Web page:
Many of you may not know that we have a fully padded knock-down box (special stable for anaesthetising horses) and surgical theatre here at our equine clinic.  We use these for elective surgical procedures requiring a general anaesthetic.

A lot of routine surgical procedures can be carried out by our own vets but, to ensure the best care for your horse, we defer to the expertise of specialist equine surgeons for our more complex cases! We are super lucky to have some great relationships with nearby referral hospitals and surgeons who are happy to perform surgery here at the practice. Emergency surgical cases are referred to nearby hospitals in order to provide more specialist care.

General anaesthesia in horses is not without risk so careful decision making and planning is required to try and minimise the risks.

Below is a general guide as to what will happen during the anaesthetic.


This is a vital stage where the vet will perform a thorough clinical exam to check for any potential dangers that may complicate the anaesthetic.  We can then modify our technique or even postpone the surgery if we deem the risks are too high.

Usually, a  small area on the neck is clipped so we can place a catheter into the jugular vein. This can then be used to give medication and fluids during the surgery. If they are shod, the shoes are usually removed to protect them during recovery.


This often involves giving an injection containing a tranquilliser to reduce the horse’s anxiety. This has also been shown to significantly reduce the risk of anaesthesia.


The horse is walked into the padded knock-down box for induction. The horse will be heavily sedated and, after a few minutes, is then given the anaesthetic injection via the catheter to induce anaesthesia (where the horse becomes unconscious and goes down).  The padded knock-down box ensures the horse lies down on to a soft surface. All this is performed by the Vet.


Following induction, the horse is ‘intubated’.  This involves passing an endotracheal tube (a hollow, long tube) into the mouth, through the larynx and into the trachea (windpipe). This allows the horse to be attached to the tubes delivering gas from the anaesthetic machine. The horse will breathe a mixture of oxygen and anaesthetic gas to ensure he or she remains unconscious. It is also possible to maintain anaesthesia using intravenous drugs, instead of using anaesthetic gas. Your Vet will decide the best protocol for your horse.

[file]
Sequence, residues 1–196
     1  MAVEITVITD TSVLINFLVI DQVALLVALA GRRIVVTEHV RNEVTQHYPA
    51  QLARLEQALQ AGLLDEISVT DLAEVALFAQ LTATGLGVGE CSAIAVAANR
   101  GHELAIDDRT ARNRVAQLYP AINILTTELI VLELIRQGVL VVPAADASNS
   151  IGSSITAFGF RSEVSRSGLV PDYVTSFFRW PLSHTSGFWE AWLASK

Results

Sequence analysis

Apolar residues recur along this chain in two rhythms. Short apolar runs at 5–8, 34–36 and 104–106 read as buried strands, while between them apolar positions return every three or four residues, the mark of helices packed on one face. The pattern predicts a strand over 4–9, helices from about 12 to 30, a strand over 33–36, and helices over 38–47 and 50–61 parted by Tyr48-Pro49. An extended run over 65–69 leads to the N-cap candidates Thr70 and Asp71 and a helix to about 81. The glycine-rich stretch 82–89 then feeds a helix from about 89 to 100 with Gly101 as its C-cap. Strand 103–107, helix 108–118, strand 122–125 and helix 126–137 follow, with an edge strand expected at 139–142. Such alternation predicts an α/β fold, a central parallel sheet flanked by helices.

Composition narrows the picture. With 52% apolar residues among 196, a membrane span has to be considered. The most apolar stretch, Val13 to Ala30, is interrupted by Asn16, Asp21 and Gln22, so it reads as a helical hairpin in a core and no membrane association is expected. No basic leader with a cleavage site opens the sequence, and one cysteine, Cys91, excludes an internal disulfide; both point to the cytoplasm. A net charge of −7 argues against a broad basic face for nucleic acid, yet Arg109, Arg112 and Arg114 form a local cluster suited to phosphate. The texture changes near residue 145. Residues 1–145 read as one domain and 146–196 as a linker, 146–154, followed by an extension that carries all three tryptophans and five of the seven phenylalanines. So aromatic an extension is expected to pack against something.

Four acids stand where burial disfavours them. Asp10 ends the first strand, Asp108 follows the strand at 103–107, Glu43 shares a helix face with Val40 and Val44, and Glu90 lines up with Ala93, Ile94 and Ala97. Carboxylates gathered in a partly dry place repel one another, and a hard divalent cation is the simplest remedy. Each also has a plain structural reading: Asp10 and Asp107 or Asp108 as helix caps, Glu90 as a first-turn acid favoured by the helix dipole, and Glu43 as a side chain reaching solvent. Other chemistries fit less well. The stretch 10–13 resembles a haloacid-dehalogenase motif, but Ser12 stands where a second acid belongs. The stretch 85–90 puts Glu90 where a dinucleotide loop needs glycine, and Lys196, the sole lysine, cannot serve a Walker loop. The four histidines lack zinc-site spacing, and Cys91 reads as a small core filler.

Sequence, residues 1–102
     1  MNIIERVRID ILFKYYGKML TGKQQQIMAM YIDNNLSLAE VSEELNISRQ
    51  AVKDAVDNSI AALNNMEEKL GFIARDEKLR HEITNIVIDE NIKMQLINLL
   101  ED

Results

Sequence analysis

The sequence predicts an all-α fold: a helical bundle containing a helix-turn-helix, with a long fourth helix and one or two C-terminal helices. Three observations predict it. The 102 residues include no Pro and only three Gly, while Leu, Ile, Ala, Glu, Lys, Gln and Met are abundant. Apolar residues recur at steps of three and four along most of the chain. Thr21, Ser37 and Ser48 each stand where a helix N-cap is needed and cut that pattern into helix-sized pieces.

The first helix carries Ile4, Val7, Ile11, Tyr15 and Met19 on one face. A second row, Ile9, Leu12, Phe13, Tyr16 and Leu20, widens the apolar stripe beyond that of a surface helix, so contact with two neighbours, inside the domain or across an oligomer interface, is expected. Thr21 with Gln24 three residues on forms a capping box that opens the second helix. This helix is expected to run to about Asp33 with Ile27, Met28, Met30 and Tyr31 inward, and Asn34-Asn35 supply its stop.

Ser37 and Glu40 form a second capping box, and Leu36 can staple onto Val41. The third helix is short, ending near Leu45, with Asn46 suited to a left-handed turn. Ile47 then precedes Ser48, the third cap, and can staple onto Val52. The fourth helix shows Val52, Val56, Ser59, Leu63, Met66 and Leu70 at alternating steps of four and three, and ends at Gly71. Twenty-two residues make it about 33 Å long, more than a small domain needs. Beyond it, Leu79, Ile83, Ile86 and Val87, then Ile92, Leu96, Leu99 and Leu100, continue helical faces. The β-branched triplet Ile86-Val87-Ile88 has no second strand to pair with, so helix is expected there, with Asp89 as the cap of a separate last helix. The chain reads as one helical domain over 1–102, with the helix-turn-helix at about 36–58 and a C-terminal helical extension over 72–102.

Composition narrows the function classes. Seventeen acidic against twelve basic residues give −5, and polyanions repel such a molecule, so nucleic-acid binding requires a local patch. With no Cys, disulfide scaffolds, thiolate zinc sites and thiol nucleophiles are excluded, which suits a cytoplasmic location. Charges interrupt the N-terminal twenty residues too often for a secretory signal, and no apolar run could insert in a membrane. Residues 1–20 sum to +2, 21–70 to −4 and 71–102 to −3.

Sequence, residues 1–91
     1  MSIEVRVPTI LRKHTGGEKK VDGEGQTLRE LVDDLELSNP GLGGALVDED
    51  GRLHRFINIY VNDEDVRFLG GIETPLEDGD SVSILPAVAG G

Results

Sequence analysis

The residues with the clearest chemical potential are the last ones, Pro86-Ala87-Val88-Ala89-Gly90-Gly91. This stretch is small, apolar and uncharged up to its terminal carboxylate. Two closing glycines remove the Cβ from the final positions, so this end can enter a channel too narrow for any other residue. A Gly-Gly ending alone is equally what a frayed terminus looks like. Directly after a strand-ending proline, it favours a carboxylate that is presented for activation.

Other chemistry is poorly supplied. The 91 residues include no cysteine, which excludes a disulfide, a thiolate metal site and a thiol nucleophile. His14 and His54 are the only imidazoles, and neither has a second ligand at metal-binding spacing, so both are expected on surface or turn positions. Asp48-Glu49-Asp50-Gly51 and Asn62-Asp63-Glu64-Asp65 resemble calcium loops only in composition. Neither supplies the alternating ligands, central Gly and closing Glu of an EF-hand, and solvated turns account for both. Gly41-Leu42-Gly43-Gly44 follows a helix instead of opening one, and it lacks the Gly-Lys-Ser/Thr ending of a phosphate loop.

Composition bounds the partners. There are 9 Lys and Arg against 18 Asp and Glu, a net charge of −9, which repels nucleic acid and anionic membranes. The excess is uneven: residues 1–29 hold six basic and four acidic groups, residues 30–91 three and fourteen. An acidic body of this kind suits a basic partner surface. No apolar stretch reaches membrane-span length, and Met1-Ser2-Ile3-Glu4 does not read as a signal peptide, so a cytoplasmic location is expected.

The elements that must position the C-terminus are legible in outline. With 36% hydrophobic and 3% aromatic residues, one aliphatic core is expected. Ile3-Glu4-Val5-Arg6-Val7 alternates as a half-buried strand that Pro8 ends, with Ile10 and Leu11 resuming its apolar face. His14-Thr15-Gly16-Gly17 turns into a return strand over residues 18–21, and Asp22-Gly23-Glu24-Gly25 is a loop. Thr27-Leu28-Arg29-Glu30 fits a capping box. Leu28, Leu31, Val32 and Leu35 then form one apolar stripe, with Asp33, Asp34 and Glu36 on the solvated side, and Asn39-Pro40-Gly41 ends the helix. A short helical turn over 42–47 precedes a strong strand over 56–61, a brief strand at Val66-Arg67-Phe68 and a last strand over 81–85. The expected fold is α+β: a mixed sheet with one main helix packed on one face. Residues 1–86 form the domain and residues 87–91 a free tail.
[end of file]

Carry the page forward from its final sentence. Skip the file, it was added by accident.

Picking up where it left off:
The horse is then positioned on the surgical table in theatre.  It is very important to ensure the horse is correctly positioned, to ensure that there are no pressure points on any areas of muscle and allow the surgeon access to the appropriate area.

The horse is constantly monitored by a vet during the anaesthetic who monitors parameters such as heart rate, breathing rate and blood pressure. They will also monitor depth of anaesthesia and fluid therapy.


After the surgery, the horse is moved back into the padded knock-down box. When the horse is deemed ready by the vet, the endotracheal tube is removed. The horse is usually then left alone, in a dark and quiet environment and watched by the vet.

Recovery can be risky as the horse’s movements tend to be unpredictable.  We consider the operation completed once the horse is standing in the knock down box. Once he is able, he will be moved to a stable to continue recovery.

Kindly, some of our amazing clients have allowed us to use some surgery photos – which you can see below!